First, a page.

Why Chimpanzees Are Disappearing and What We Can Do

Chimpanzees in Kibale National Park, Uganda
Yannick Tylle / Getty Images.

The International Union for the Conservation of Nature (IUCN) listed chimpanzees as endangered for the first time in 1996 after studies predicted a 50% reduction in the global population between 1975 and 2050.

The Jane Goodall Foundation estimates there are between 172,000 and 300,000 chimpanzees left in the wild, a far cry from the one million that existed at the turn of the century. One of the four distinct subspecies—the western chimpanzee found mainly in Côte d'Ivoire, Guinea, Liberia, Mali, and Sierra Leone—is considered critically endangered.


Poaching and habitat loss due to illegal logging, development, and mining continue to plague wild chimpanzees in their native habitats across Central and West Africa. These issues lead to other indirect threats, such as diseases due to increased contact with humans.

Threats are exacerbated by the species' slow reproductive rate—if an adult chimp is killed, it takes an average of 13 to 14 years to replace them with a breeding individual.


Western chimpanzee female and son in Bossou Forest, Mont Nimba, Guinea
Fiona Rogers / Getty Images.

Bushmeat has always been a valuable source of protein for those who live in the forests of Central and West Africa, but a commercial market has also become an issue in recent years.

Chimpanzees are more commonly hunted using guns or snares, while poachers often target new mothers in order to sell the adult as bushmeat and the babies as pets.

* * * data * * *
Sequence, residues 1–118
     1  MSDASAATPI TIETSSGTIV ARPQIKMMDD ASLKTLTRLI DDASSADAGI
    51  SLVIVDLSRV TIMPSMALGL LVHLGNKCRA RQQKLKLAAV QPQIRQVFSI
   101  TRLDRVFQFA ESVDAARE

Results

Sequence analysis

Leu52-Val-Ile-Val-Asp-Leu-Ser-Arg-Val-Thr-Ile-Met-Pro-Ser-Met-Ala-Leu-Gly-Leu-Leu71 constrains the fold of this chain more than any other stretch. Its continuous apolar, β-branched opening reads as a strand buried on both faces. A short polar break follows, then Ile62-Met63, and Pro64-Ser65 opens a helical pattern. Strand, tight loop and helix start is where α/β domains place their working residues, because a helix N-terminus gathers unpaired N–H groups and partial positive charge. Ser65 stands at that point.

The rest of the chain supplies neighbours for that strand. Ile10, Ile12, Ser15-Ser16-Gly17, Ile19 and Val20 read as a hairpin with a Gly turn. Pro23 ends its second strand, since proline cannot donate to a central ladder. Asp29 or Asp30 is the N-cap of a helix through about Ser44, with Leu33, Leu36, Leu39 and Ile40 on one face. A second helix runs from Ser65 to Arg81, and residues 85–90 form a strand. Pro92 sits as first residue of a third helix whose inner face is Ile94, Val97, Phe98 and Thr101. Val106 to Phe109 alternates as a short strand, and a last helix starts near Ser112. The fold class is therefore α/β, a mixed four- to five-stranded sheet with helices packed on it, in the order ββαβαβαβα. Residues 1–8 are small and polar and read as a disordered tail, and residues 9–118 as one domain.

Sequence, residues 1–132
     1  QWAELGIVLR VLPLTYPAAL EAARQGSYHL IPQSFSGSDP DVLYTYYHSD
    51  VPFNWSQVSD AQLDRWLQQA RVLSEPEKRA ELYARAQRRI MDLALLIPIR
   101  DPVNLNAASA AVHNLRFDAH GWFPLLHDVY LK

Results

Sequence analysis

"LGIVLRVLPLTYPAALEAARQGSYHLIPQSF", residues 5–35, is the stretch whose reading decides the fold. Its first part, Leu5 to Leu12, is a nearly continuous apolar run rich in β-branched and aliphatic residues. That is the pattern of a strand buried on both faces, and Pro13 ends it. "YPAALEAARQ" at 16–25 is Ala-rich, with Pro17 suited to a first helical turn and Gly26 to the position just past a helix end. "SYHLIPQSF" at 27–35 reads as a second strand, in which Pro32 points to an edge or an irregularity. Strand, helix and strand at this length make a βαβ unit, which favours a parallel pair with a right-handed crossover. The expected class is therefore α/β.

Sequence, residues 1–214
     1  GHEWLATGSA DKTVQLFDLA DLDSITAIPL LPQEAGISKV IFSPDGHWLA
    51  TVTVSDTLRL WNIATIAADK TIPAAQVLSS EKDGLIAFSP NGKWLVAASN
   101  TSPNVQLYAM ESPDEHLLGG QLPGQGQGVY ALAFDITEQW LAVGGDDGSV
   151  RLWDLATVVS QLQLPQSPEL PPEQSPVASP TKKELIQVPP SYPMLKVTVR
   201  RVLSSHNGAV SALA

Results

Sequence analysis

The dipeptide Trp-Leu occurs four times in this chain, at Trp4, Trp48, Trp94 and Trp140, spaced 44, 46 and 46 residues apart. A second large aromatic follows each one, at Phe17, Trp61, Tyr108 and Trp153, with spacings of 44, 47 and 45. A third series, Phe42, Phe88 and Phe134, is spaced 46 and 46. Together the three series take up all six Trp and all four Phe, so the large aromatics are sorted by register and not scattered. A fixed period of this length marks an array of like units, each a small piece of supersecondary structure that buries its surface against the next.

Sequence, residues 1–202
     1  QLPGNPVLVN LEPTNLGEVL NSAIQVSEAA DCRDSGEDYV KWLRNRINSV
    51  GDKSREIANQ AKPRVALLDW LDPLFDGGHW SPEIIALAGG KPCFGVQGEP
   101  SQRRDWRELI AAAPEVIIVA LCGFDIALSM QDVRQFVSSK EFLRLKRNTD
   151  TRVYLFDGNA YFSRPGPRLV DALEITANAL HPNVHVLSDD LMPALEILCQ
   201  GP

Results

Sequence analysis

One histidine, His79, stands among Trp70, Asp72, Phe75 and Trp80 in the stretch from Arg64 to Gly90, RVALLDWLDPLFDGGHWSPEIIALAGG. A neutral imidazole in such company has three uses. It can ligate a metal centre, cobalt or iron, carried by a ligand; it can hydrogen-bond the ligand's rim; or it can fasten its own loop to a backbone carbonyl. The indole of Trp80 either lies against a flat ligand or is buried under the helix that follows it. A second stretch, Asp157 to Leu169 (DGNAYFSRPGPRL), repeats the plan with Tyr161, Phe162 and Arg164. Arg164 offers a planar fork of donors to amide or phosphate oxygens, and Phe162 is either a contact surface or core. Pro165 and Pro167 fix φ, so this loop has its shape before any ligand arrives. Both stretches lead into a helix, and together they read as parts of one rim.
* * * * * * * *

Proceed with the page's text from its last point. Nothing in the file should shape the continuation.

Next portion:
According to the United Nations Environment Programme (UNEP), as many as 22,218 wild great apes were lost to the illegal trade between 2005 and 2011, and at least 64% of them were chimpanzees.


Because we share so much of our DNA, chimpanzees are susceptible to many of the same diseases as humans. With the constantly expanding human-wildlife interface as the number of people grow in and around their habitat (the population of sub-Saharan Africa alone is projected to double by 2050), chimps will be more likely to fall victim to pathogen transmissions.

Ebola has been observed in chimpanzee populations as far back as the 1980s. Up to 14% of their distribution area has been impacted by the virus and future outbreaks remain a strong possibility.

Extractive Industries

Until the 1990s, most of Central Africa was made up of dense, roadless forest blocks that were difficult to access for humans. In the time since then, almost all terra firma forest in the unprotected areas of the central chimpanzee's range has been assigned to logging or mining concessions. As a result, these once-remote forests are now covered by vast networks of logging roads, making chimpanzee habitat more accessible to hunters and traffickers.

In areas that have been converted to agricultural fields or plantations, chimps are sometimes killed by farmers trying to protect their crops.

With a range of over 2.6 million kilometers, chimpanzees have the widest geographic distribution of any great ape. Any precious habitat lost to activities from commercial logging, mining, or land conversion has the potential to do substantial damage to chimpanzee communities.

What We Can Do

The elements threatening them are deeply interconnected with other problems like poverty, lack of economic opportunity, political corruption, and the absence of community awareness. All of these challenges must be addressed to give chimpanzees a fighting chance.

Protected Areas

Establishing and merging national parks throughout the chimpanzee's range and enforcing wildlife laws will be essential to maintaining healthy populations for generations to come.